Patrick Paulin is a trainer and consultant specializing in modular technologies such as OSGi and the Eclipse Rich Client Platform. He spends much of his time offering the RCP Quickstart course, which is meant to get software developers up to speed with Eclipse RCP. Patrick is also a regular speaker at technology conferences such as EclipseCon and Eclipse World. Patrick is a DZone MVB and is not an employee of DZone and has posted 24 posts at DZone. View Full User Profile

Why is OSGi Important?

  • submit to reddit

I’ve seen a number of blog posts and tweets lately asking some version of the question Why is OSGi important? If you’re one of the many people looking around at the increasing usage of OSGi and wondering whether it matters to you, here’s my answer.

I’m going to start by making a pretty audacious claim, which is that OSGi is one of the most important technologies to have arisen in the last 20 years. This does not mean, however, that OSGi is a revolutionary technology. In fact, OSGi is so important because it represents the logical next step in the long-term evolution of software development.

Where we’re coming from

To understand what I mean, let’s go back 20 to 30 years to the time when object oriented languages first became popular. One of the main reasons we adopted OO at that time was because it allowed us to hide many of the implementation details of our code.

Moving from procedural languages to OO languages allowed us to develop classes exposing a contract defined by a set of public methods.


The result was that much of our code was invisible outside of its class, and this had profound implications for the way we develop software. By accepting the apparent restriction of visibility we gained immense freedom. We gained the freedom to reuse classes without knowing their implementation details. We gained the freedom to refactor our code without worrying about the consumers of a class.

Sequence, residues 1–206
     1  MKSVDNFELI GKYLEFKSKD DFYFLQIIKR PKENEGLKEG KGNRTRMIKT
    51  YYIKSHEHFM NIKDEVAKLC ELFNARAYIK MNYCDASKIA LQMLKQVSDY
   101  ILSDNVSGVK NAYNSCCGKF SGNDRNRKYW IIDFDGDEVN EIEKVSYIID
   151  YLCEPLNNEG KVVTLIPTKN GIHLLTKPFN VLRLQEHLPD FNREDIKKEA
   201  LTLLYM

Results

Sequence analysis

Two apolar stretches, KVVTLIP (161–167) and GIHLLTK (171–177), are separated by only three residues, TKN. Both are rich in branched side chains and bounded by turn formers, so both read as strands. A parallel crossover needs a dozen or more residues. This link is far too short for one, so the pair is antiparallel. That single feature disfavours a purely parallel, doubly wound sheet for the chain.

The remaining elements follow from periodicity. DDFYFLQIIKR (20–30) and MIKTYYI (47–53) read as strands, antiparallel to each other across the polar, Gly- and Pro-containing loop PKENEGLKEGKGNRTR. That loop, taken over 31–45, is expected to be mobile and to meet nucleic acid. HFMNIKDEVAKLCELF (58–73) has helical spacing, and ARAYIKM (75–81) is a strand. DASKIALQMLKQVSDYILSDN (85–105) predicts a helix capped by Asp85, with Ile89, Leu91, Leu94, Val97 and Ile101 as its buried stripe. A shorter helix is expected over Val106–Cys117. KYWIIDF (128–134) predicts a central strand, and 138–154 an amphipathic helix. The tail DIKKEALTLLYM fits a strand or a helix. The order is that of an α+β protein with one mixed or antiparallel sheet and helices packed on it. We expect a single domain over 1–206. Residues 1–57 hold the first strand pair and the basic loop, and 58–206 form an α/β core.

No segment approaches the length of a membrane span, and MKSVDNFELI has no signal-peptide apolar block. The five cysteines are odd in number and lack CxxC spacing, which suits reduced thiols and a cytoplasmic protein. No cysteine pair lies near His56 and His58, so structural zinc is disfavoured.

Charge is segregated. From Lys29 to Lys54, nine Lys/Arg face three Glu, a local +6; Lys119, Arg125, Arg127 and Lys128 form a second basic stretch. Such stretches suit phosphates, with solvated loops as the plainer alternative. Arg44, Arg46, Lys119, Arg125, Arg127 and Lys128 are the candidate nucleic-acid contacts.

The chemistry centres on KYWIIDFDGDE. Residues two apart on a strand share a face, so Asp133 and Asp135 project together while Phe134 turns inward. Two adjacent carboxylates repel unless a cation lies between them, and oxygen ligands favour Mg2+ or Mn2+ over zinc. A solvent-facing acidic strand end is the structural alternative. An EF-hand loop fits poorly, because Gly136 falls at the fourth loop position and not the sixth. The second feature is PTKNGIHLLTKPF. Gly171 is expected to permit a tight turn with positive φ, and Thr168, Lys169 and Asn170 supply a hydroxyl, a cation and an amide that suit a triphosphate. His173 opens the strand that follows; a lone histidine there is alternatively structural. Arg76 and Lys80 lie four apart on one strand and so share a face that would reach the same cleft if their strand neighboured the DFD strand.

Can you imagine what a pain it would be if you had to develop software without information hiding?

Where we’re headed

Now imagine what it would be like if you could hide not only the methods within a class but entire sets of classes within a JAR. Imagine that JARs could define public contracts the same way classes do, and that these contracts would be enforced both during development and at runtime. Imagine that we could achieve all of the benefits of information hiding (managing complexity, code reuse, testability, refactoring, etc.) at an entirely new level.

OSGi makes this possible by offering up the standard Java package as a new unit of information hiding. When our code is running inside of an OSGi framework, each package in a JAR can be either exposed or hidden from consumers of that JAR.


Just as a class has a small set of public methods representing its contract with consumers, a modularized JAR (a bundle in OSGi terms) has a small set of exported packages representing its public contract. The bulk of our code lives in internal packages hidden from other JARs.

Imagine being able to rename classes, split or combine classes, move classes from one package to another, move entire packages from one JAR to another, all without having to worry about impacting the consumers of a JAR. So many of these types of refactorings are skipped now out of fear. Package level information hiding gives us the confidence we need perform these refactorings, allowing us to react with agility to the changing needs of our users.

Modularity is inevitable

Whether OSGi in particular succeeds or not, JAR level information hiding is inevitable. The benefits are simply too great to ignore, and in 5 or 10 years we’ll all be wondering how we could have possibly lived without it.

Currently, OSGi is the only tool we have to accomplish this. Luckily for us it’s a well though-out, well tested, standards-based solution. I can’t think of one reason (besides perhaps its name) to develop an alternative to OSGi. It’s here. It works. Let’s use it.

It’s time for OSGi

Steve McConnell has a great quote that really gets at the heart of what OSGi is trying to achieve.

In Code Complete, he writes: